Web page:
The Anti-Media Panic faction is so concerned about the impact of the 'exaggerated' claims about the risks young people may encounter online that it urges people to Beware of the Internet Safety Industrial Complex. The Anti-Media Panic faction relies on research findings and commentary to both discredit the 'Internet Safety Industrial Complex' faction and to better serve its own agenda, and herein lies a problem.
For example, in a recent blog post by a proponent of the Anti-Media Panic faction, children were divided into two categories to describe how they handle instances of unwanted sexual solicitation online. It was claimed that the majority of children fall into the first category, i.e. those who 'ignore' online sexual solicitation. The second category is comprised of those few, children and young people, who do become victims of online sexual solicitation. This minority of children were described as fitting the following profile:
1. They go online with the intention of 'looking to hook-up with online strangers ' and subsequently
2. meet the offender "expecting to engage in sexual activity"
3. Those children and young people who are most at risk often engage in risky behaviours and have difficulties in other parts of their lives.
In the UK, both a review of past child sexual abuse cases and a public consultation process that ran between 11 June and 3 September 2013, were conducted by the National Policing Lead for Violence and Public Protection, in partnership with the Crown Prosecution Service (CPS).
The purpose of the review was to identify lessons learnt from child abuse cases and to develop a new set of good practice guidelines. The new guidance entitled Guidelines on Prosecuting Cases of Child Sexual Abuse warns police and prosecutors not to fall into the trap of believing myths and stereotypes about child victims of sex crimes. The Guidance states that it is very important that prosecutors use their best endeavours to ensure that 'myths and stereotypes' about child sexual abuse are challenged in court. If they are left unchallenged, it may lead to members of the jury approaching the victim's evidence with unwarranted scepticism. It urges both police officers and prosecutors not to dismiss a complaint just because a victim has a troubled background. In Annex C of the Guidance a list of common 'myths and stereotypes' about victims of sex crimes held by members of the police and the crown prosecution service. I have highlighted in bold the myths and stereotypes that are common to the 'research findings' described by the Anti-Media Panic faction and those highlighted in the Guidance. These include:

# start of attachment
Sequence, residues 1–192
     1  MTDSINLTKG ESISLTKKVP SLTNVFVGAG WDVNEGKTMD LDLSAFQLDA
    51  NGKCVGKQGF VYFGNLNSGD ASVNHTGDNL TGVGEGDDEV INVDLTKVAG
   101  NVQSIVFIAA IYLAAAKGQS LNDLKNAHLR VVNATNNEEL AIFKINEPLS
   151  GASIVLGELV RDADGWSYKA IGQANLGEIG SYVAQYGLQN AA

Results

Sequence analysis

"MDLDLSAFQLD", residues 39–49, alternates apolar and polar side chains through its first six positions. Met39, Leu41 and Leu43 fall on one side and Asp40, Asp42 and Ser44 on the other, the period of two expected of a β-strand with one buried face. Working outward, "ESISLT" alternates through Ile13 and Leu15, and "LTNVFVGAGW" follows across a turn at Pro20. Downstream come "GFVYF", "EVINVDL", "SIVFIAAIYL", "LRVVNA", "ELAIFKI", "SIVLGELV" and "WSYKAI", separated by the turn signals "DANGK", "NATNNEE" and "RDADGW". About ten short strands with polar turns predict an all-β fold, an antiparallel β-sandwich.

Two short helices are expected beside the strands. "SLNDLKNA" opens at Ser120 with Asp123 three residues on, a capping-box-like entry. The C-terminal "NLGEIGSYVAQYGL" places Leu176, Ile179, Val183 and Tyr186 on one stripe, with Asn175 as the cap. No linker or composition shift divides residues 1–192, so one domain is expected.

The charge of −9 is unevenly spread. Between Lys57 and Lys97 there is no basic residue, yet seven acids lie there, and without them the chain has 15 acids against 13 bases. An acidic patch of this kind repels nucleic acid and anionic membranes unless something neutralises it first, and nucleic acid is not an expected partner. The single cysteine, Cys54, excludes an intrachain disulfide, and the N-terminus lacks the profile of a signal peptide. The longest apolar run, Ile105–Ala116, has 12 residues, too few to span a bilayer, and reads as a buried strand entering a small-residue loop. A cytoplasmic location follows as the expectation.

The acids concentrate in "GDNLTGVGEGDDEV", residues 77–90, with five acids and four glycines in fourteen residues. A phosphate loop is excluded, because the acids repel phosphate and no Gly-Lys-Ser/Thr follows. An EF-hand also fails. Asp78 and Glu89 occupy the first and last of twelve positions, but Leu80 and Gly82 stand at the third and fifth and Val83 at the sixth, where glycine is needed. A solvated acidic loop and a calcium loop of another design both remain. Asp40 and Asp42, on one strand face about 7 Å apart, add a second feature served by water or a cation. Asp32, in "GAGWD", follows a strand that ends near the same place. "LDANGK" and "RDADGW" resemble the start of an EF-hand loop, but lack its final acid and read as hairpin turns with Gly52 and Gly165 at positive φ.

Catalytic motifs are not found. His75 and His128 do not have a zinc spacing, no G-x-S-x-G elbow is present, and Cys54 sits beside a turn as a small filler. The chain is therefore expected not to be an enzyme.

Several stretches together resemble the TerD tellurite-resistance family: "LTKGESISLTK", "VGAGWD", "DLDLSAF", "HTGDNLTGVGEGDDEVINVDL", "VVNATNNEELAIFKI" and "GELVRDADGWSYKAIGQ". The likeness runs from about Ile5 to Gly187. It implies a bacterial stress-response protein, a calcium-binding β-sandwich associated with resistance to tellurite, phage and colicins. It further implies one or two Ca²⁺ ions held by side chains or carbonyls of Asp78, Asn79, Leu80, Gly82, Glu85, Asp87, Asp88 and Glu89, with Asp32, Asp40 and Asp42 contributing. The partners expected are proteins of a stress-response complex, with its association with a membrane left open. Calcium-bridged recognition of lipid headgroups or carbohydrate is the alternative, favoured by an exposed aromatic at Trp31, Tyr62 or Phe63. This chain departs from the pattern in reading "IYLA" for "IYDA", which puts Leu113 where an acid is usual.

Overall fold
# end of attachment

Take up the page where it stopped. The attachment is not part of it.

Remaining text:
• The victim invited sex by the way they dressed or acted
• A victim in a relationship with the alleged offender is a willing sexual partner
• Children can consent to their own sexual exploitation
• The victim didn't scream, fight or protest and so it can't be sexual assault
To be clear, the Anti-Media Panic faction uses research findings to serve its particular nuanced agenda, i.e. to make the point that a minority of children are at risk, both offline and online, and therefore any technology based measures, that either the internet industry or parents might be pressed to implement, to mitigate the risks to these children's well-being would not necessarily be effective for this particular group of young people.
However, the juxtaposition of the language used by the Anti-Media Panic faction to make this point with the list of 'common myths and stereotypes' associated with sex crimes against children referred to in the UK Guidance for the Crown Prosecution serves to highlight the potential unintended consequences of pursuing the Anti-Media Panic faction agenda in this manner i.e. the promotion of myths and stereotypes about victims.
Furthermore, the claim that the Internet Safety Industrial Complex faction is spreading misinformation is a significant indictment. It begs the question of whether or not regulations intended to address false advertising and marketing might not be a better avenue through which the Internet safety community could address this issue. Internet safety technology companies ought to be held accountable to the same standards as any other company selling a product.
Both the tactics and language employed by the various dissenting factions within the internet safety community, to advance their specific agendas, can have unintended consequences. Perhaps, it is time for the power brokers of these factions, their supporters, and the wider internet safety community to take stock, recognise what progress has been made to date and consider how that should inform future initiatives, reflect on the dissension and its effects and explore ways to work together constructively.